On his deathbed, Yoseph made his brothers take an oath that they would carry his bones out of Egypt and bury them in Israel. Indeed, while the Jews on the night of the Exodus were busy asking their Egyptian neighbors for valuables, Moshe fulfilled the oath of his ancestors. He went to the Nile river and proclaimed that God has kept his promise to redeem the Jews. Yoseph’s coffin rose from the Nile.
Moshe could obviously not complete the task of bringing Yoseph’s coffin to Israel because he was not able to enter the Promised Land. Subsequently he was not credited in the Book of Joshua as the one who brought Yoseph’s coffin to Israel. That may seem unfair but the Midrash insists that the credit should go to those who finish the job. However, when you examine Judah’s interactions with his brother Joseph, not finishing what you started had grave consequences.
Yehuda, king of his brothers
Midrash Tanchuma sees Yehuda as the brother who was clearly in charge. The one who could have saved the day. When the idea first surfaced about killing Joseph, Yehuda was able to put an end to it.
“Then Yehuda said to his brothers, ‘What do we gain by killing our brother and covering up his blood?” (Genesis 37:26)
Unfortunately, after starting the Mitzvah of saving his brother from harm’s way Yehuda proposes an alternate plan of selling his brother. In some respects this act was even more heinous and repugnant. A crime for which he paid dearly. According to the Midrash, for not finishing the effort to save Yoseph’s life, Yehuda lost his wife and two children.
Selling your own brother, how could Jewish history take such a tragic turn
The Midrash Tanchuma on Parshat Vayeishev has a surprising answer. God planted the idea in Yaakov’s head to make Yoseph a coat of many colors. God was literally sewing the seeds of jealousy into the relationship between Yoseph and his brothers. It was all part of God’s plan to bring Yaakov and his children down to Egypt.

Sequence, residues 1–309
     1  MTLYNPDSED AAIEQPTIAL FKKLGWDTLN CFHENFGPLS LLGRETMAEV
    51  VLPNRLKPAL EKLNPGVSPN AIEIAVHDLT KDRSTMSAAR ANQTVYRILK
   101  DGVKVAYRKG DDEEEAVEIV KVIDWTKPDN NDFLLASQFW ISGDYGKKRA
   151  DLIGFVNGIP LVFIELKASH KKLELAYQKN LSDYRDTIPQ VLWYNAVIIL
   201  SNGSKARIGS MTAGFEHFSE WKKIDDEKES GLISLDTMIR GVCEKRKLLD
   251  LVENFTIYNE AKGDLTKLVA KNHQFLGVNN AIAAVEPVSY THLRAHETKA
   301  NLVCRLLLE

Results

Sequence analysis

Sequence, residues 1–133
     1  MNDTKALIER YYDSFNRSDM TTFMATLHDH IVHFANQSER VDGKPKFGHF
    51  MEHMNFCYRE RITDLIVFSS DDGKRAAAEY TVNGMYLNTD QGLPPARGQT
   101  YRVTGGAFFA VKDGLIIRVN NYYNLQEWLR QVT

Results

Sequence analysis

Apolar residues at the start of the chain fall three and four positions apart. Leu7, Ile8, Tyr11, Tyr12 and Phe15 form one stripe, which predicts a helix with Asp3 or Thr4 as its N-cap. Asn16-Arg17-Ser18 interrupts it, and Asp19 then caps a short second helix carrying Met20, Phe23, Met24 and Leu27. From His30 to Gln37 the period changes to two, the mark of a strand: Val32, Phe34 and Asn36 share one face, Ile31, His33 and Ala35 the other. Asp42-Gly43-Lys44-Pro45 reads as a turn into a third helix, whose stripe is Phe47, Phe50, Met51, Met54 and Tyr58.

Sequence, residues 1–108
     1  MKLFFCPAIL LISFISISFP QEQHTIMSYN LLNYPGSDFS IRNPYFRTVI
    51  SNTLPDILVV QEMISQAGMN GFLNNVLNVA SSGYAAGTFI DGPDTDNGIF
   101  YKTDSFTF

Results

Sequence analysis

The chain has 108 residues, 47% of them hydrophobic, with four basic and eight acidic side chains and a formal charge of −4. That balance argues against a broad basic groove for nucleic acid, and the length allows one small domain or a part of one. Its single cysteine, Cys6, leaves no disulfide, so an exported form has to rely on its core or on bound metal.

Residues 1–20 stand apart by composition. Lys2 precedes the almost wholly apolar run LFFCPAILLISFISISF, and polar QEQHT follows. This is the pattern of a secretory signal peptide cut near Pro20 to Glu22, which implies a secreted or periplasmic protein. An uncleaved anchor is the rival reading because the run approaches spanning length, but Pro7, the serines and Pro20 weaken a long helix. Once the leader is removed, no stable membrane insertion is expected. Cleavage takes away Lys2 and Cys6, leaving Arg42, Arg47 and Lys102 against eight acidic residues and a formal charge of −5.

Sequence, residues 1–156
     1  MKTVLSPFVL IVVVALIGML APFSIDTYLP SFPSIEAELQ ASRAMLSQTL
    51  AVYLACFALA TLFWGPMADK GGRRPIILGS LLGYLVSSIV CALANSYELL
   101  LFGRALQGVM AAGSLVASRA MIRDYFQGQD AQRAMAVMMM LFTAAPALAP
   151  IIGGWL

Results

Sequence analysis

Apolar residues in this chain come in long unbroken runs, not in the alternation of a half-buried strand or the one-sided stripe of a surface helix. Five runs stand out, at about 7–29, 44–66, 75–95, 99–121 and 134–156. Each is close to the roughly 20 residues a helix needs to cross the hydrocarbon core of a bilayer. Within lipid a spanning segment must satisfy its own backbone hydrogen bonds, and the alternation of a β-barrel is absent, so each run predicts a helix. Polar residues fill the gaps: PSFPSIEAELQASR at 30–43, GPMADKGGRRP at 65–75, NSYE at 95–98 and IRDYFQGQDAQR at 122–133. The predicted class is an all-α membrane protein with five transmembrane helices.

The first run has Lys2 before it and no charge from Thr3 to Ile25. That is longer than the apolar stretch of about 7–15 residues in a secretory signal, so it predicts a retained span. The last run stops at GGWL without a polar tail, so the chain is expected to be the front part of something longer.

”He (God) resorted to subterfuge to ensure events unfolded this way. He made Yaakov love Yoseph, so that his brothers hated him (Yoseph), and as a result they sold him to the Ishmaelite’s, who brought him to Egypt.” (Midrash Tanchuma Vayeishev)
That same Midrash says something else startling, After the sale of Yoseph, the brothers agreed to excommunicate anyone who tells their father Yaakov the truth – that Yoseph was not killed by a wild animal, but rather sold to a passing band of slave traders. However, there were only nine brothers present – Binyamin was at home, Yoseph was sold and Reuven was away. Since you need 10 to excommunicate someone, God agreed to be the tenth. This seems to go along with the idea that the sale of Yoseph was simply God nudging along Jewish history. Why does Yehuda deserve such a severe punishment if he was simply helping God carry out His plan to bring Yaakov and his family down to Egypt? Furthermore, is the punishment fair?
Why should the next generation suffer for Yehuda actions?
How can Yehuda’s innocent children die for the sins of their father. A commentator to the Midrash, Eitz Yoseph, tackles this head on. He says that children are only punished for the sin of their father if they continue the iniquity of their father. Evidently, when Yehuda’s son, Er, refused to impregnate his wife (spilling his seed) he was exhibiting the same character traits as his father – cutting off future generations. It’s perhaps more evident in the case of Er’s brother, Onan. He spilled his seed because he did not want to have a child who would be a reincarnation of his brother Er. He killed his brother’s chances of coming back into this world again.